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Good afternoon, everyone. Greetings from Jeju Island in the Republic of Korea. I want to thank you for inviting me to virtually join all of you today, and hope that we will have an opportunity to meet in-person in the near future.

It is a pleasure to be a part of today’s workshop focused on the Amended Convention on the Physical Protection of Nuclear Material – the A/CPPNM.

I applaud the collaboration between the African Center for Science and International Security and the Nuclear Threat Initiative on this important topic. Thank you all for your sustained focus on bringing African countries together to build a regional nuclear security network.

The A/CPPNM is a critical link in the international legal framework to prevent the proliferation and misuse of nuclear material, along with the Nuclear Nonproliferation Treaty (the NPT) and the International Convention for the Suppression of Acts of Nuclear Terrorism.

Nuclear security is a collective endeavor and universal adherence to the A/CPPNM that would harmonize national approaches to preventing and responding to criminal and other unauthorized acts involving nuclear material and facilities, thereby helping to reduce the likelihood of malicious acts and strengthening nuclear security at national, regional, and international levels.

Your participation today demonstrates the shared value each of you place on ensuring the security of nuclear and other radioactive material used for peaceful purposes.

The establishment of a nuclear-weapon-free zone on the African continent over a decade ago echoes a key objective of the A/CPPNM – the physical protection worldwide of nuclear material and facilities used for peaceful purposes through effective nuclear security measures is of vital importance for the protection of public health, safety, the environment, and national and international security.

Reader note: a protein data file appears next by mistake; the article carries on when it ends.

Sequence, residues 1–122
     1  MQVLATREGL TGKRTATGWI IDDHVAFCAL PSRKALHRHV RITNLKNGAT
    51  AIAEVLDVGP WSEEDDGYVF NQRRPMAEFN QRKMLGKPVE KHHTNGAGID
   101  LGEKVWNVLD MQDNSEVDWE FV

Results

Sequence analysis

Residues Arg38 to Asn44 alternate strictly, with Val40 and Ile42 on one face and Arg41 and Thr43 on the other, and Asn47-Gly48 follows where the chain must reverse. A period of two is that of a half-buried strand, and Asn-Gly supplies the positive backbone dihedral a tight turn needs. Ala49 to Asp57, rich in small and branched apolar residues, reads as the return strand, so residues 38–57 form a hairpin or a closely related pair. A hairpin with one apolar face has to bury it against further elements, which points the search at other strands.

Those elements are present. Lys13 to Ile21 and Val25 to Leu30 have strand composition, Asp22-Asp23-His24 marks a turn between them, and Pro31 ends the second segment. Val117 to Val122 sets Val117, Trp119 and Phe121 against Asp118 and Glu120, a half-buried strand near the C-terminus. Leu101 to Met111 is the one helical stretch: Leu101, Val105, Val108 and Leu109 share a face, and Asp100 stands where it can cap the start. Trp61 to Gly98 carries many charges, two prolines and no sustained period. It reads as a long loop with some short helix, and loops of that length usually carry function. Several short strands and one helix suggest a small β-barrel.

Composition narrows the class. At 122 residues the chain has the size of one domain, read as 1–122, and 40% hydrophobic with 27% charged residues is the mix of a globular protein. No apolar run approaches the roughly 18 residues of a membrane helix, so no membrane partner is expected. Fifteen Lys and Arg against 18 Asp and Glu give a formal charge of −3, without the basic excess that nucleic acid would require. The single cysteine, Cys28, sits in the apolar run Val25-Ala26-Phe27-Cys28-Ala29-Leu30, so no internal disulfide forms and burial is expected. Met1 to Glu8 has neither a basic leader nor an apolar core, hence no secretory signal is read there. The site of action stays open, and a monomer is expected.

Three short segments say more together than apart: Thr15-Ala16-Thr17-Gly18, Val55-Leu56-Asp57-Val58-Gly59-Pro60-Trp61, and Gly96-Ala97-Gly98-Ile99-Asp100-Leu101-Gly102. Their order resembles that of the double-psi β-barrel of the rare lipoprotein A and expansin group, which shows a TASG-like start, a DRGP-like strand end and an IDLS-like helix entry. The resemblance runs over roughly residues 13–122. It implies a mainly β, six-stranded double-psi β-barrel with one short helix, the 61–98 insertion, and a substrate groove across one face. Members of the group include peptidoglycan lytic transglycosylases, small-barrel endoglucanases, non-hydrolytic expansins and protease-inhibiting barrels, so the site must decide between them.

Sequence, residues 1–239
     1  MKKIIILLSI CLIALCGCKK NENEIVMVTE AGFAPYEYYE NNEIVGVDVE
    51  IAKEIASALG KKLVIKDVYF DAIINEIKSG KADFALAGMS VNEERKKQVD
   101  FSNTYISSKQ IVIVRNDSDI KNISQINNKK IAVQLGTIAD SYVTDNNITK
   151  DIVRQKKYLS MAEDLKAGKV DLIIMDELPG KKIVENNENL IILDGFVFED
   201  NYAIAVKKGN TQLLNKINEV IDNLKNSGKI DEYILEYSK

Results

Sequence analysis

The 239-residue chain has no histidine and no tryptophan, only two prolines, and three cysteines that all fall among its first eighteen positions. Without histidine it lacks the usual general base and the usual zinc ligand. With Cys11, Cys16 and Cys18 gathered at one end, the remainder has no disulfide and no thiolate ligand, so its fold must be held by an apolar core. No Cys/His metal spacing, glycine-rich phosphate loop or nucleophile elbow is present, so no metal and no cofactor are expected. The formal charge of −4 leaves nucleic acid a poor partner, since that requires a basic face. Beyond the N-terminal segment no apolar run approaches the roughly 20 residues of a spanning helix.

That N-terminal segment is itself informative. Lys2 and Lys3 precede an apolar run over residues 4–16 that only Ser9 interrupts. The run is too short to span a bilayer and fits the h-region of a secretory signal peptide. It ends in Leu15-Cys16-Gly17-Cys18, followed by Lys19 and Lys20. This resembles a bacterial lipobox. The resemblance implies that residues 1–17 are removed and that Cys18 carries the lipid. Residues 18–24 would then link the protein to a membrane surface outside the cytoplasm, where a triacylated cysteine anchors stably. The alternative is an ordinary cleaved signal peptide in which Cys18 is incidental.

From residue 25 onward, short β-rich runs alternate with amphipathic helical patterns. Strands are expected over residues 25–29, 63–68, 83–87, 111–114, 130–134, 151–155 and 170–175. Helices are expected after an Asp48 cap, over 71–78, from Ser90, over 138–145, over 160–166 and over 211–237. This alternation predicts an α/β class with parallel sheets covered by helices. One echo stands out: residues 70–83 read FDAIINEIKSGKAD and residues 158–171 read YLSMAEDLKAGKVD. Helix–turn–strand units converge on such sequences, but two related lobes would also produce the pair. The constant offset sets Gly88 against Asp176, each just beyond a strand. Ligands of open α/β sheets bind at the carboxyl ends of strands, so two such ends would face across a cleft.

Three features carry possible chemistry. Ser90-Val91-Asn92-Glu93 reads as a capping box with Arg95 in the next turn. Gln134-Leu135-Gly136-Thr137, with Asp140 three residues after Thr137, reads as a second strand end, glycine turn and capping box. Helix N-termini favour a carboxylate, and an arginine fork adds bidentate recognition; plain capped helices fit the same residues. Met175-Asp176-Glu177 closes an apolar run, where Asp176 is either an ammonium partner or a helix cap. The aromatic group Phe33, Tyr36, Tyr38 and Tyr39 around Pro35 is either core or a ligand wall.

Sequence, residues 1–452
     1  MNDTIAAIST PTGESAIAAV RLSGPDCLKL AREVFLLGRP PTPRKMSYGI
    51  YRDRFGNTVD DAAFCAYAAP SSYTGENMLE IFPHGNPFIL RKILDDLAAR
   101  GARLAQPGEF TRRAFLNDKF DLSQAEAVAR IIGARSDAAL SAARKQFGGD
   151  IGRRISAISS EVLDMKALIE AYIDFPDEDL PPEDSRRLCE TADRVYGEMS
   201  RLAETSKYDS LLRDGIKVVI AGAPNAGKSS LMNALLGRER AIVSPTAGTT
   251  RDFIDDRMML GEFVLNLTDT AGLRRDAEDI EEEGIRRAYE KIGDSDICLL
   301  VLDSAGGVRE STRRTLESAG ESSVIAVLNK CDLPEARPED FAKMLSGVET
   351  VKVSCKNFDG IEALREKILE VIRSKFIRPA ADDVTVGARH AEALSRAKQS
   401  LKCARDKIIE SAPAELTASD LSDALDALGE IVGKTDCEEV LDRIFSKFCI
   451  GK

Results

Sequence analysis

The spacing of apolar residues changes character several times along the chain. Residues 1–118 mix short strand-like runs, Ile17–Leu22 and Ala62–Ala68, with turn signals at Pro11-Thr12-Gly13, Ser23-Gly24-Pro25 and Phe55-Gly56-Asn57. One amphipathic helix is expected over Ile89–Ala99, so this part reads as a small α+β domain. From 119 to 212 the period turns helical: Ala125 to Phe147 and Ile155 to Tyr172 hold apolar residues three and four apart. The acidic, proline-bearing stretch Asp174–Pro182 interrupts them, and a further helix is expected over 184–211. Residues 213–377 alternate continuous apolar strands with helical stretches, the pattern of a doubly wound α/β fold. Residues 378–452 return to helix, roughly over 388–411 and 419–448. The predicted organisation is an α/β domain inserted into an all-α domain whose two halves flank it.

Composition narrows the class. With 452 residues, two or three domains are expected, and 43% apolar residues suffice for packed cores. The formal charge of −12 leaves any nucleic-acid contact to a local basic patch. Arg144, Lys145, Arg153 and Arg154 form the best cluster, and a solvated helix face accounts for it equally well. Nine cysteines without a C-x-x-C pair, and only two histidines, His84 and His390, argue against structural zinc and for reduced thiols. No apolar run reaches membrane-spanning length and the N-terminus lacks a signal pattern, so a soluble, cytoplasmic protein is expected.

Nuclear security allows us to harness the peaceful uses of nuclear technology – from combatting climate change to fighting cancer and other diseases to achieving food safety and security – we know that nuclear technologies have an amazing role to play in advancing the UN’s Sustainable Development Goals.

Nuclear security also complements nuclear science and technology exchanges and cooperation activities.

Therefore, joining and fully implementing the A/CPPNM is a crucial part of ensuring the safe, secure, and peaceful use of nuclear technology.

Becoming a party to the A/CPPNM can be a challenging process, but not insurmountable. Since last year’s Review Conference, three countries have become a party, including Mozambique. We must continue to deepen regional cooperation to achieve even greater progress in meeting universal adherence.

On implementation, in the lead up to the Review Conference, seven countries informed the Secretariat of its laws and regulations under Article 14.1 that give effect to the A/CPPNM.

Two of those seven countries were Mali and Nigeria. Not only has the number of 14.1 submissions increased, but African countries are playing a greater role in this area.

At the conclusion of the Review Conference, parties expressed concern with existing and emerging threats and risks and highlighted the need for international cooperation on identifying and addressing these challenges.

Over the course of the next two days, I encourage you to work together to identify pressing challenges, areas that require further attention, and examples of good practices or lessons learned that can help us make further progress.

I urge you to put new energy behind this effort by sharing your observations, solutions, and achievements with colleagues and integrate these into your national statements on nuclear security during meetings such as the IAEA Board of Governors and/or the General Conference, and the next International Conference on Nuclear Security (otherwise known as ICONS) in May 2024.

And in the spirit of continuing the momentum after the Review Conference, we strongly encourage you to set measurable goals, including ratifying the A/CPPNM before ICONS.

A/CPPNM universalization and implementation are key nuclear security priorities for my government. We greatly appreciate these regional events that afford us the opportunity to collaboratively advance these goals.

Let us not lose the momentum.

I look forward to seeing the progress you inspire. Thank you.

U.S. Department of State

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